Drug Induced Hypoglycemia

Overview, Causes, & Risk Factors

Hypoglycemia,means that the blood glucose level is too low to be in a healthy range. Drug-induced means that this low blood glucose level has been caused bydrugs or medicines.

What is going on in the body?

Hypoglycemiais a harmful condition that, if left untreated, can cause comaor even death in severe cases. Most of the time, the levels of glucose in theblood are well controlled by the body. Certain kinds of medicine, however,may cause a level of blood glucose that is lower than a healthy range.

What are the causes and risks of the condition?

Hypoglycemia due to medicines is most often seen in aperson with diabetes.The person is often taking medicines, such as insulin shots, to keep theblood glucose from getting too high. A person’s blood glucose may gettoo low because:

  • too much medicine was taken
  • nothing was eaten after taking the medicine
  • the person exercised longer or harder than usual
  • Other substances can also cause hypoglycemia in somepeople, including:

  • alcohol
  • certain nonsteroidal anti-inflammatory medicines, called NSAIDs
  • certain antibiotics
  • Symptoms & Signs

    What are the signs and symptoms of the condition?

    Hypoglycemia can cause any of these symptoms:

  • anxiety
  • coma
  • confusion
  • dizziness
  • excessive hunger
  • excessive sweating
  • fainting
  • fatigue
  • a feeling that the heart is racing or beating very fast
  • trembling
  • weakness
  • Diagnosis & Tests

    How is the condition diagnosed?

    A blood glucose testcan be done to measure the level of glucose in the blood and confirm thediagnosis. Hypoglycemia is caused by many factors, and drug-inducedhypoglycemia is only one type.

    Prevention & Expectations

    What can be done to prevent the condition?

    Although these reactions often cannot be prevented, oneshould always take medicines as prescribed by the doctor. A person withdiabetes can watch his or her blood glucose at home.Medicine can be changed by the doctor if a person notices that his orher blood glucose levels have been on the low side. Sometimes, thischange can be made before a severe episode of hypoglycemia occurs.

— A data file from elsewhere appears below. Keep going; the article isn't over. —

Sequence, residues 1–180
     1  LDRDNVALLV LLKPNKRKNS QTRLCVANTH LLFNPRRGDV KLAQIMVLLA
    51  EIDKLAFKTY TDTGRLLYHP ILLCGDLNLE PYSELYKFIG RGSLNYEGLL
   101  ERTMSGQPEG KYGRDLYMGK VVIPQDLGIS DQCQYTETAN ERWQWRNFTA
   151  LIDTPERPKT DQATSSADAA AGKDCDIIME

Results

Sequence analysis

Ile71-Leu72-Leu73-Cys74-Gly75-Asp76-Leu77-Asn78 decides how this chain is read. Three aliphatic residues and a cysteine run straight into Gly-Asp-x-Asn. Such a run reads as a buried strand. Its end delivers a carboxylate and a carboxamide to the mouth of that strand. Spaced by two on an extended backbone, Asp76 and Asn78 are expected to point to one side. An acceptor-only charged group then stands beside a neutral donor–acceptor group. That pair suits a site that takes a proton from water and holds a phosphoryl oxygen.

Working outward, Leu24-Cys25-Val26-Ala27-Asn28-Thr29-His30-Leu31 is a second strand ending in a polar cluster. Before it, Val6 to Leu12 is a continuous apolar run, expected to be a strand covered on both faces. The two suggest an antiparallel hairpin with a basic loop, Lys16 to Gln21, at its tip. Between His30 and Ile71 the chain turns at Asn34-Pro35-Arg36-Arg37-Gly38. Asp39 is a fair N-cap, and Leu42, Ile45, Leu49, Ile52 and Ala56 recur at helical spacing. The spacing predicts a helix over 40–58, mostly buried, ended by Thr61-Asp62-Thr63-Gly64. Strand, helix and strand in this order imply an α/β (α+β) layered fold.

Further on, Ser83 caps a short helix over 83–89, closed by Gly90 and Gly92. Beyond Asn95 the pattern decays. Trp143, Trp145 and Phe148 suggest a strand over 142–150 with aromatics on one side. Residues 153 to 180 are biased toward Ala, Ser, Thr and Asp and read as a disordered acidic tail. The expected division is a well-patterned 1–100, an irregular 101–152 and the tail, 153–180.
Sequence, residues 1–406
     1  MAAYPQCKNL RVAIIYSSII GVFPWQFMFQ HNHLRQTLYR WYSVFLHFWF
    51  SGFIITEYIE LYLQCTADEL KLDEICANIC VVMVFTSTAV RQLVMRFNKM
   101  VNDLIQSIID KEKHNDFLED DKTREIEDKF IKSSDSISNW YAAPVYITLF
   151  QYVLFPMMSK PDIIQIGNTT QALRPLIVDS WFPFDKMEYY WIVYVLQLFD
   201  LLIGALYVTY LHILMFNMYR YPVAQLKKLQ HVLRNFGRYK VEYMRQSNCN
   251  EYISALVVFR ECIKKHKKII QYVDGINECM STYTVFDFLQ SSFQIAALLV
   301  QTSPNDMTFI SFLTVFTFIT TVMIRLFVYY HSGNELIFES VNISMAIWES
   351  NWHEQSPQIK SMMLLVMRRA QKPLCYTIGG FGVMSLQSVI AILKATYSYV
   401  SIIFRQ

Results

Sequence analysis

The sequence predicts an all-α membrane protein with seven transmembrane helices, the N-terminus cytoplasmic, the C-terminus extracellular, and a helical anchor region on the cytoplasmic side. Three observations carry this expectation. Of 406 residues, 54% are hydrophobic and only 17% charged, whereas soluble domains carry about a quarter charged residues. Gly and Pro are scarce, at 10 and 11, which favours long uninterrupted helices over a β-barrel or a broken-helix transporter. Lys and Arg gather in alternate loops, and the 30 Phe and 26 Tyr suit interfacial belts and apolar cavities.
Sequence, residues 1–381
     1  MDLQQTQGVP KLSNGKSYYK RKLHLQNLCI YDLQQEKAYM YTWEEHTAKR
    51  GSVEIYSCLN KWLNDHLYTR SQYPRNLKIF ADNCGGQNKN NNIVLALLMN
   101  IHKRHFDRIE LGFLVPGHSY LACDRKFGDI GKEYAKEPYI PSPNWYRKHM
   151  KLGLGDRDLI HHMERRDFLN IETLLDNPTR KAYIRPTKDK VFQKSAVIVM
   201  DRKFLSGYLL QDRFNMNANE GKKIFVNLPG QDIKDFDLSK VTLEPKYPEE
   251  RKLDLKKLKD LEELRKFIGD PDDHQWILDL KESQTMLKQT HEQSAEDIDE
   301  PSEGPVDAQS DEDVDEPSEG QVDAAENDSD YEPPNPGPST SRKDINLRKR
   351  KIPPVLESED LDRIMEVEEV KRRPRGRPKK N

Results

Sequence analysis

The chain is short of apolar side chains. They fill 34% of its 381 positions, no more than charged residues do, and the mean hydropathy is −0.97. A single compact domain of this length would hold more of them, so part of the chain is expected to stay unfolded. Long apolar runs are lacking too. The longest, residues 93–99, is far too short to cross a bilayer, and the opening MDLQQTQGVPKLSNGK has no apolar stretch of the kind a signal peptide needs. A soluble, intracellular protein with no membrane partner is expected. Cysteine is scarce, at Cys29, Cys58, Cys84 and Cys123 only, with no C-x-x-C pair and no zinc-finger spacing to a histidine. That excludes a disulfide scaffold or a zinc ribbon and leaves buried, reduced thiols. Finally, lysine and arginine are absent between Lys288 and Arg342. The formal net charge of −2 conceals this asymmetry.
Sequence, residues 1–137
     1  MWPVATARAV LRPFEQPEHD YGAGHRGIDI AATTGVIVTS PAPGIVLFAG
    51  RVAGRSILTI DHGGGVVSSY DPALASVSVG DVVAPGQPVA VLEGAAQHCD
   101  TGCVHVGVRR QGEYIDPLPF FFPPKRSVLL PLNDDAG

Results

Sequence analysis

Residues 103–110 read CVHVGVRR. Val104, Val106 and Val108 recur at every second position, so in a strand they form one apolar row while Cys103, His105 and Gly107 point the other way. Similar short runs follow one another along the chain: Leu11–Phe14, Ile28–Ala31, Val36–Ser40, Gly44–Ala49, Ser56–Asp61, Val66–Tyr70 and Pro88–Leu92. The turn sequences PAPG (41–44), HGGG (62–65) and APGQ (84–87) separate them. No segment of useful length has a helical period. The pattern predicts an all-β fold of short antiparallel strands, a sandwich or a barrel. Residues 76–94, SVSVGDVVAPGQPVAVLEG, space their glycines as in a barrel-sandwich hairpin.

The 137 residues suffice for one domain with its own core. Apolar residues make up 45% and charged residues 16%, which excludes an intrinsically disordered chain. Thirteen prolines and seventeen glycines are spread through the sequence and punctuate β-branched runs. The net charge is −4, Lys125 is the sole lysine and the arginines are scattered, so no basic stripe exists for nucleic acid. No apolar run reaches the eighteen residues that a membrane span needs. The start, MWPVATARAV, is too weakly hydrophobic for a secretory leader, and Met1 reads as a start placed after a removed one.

What are the long-term effects of the condition?

    It is now thought that repeated or long episodes ofhypoglycemia can cause permanent, mild brain damage. Severehypoglycemia, if left untreated, can lead to a comaor death.

    Treatment & Monitoring

    What are the treatments for the condition?

    Glucose is given to treat this condition. It may be given:

  • through food and liquids with a high sugar content
  • intravenously, that is, through a needle in the vein
  • A person with diabetesmay need to have his or her medicine changed if hypoglycemiacontinues. Others may need to stop taking certain medicines completelyor take a lower dose. Stopping the medicine often reverses the condition.

    What are the side effects of the treatments?

    A change in the type or dose of medicine may cause areturn or worsening of the condition that medicine was meant to treat.

    What happens after treatment for the condition?

    A person with drug-induced hypoglycemia most oftenrecovers quickly once the problem has been named and corrected.

    How is the condition monitored?

    A person with this condition can watch for symptoms and reportthem to the doctor. Someone with diabetesshould ask the doctor about home glucose monitoring.

    Article type: xmedgeneral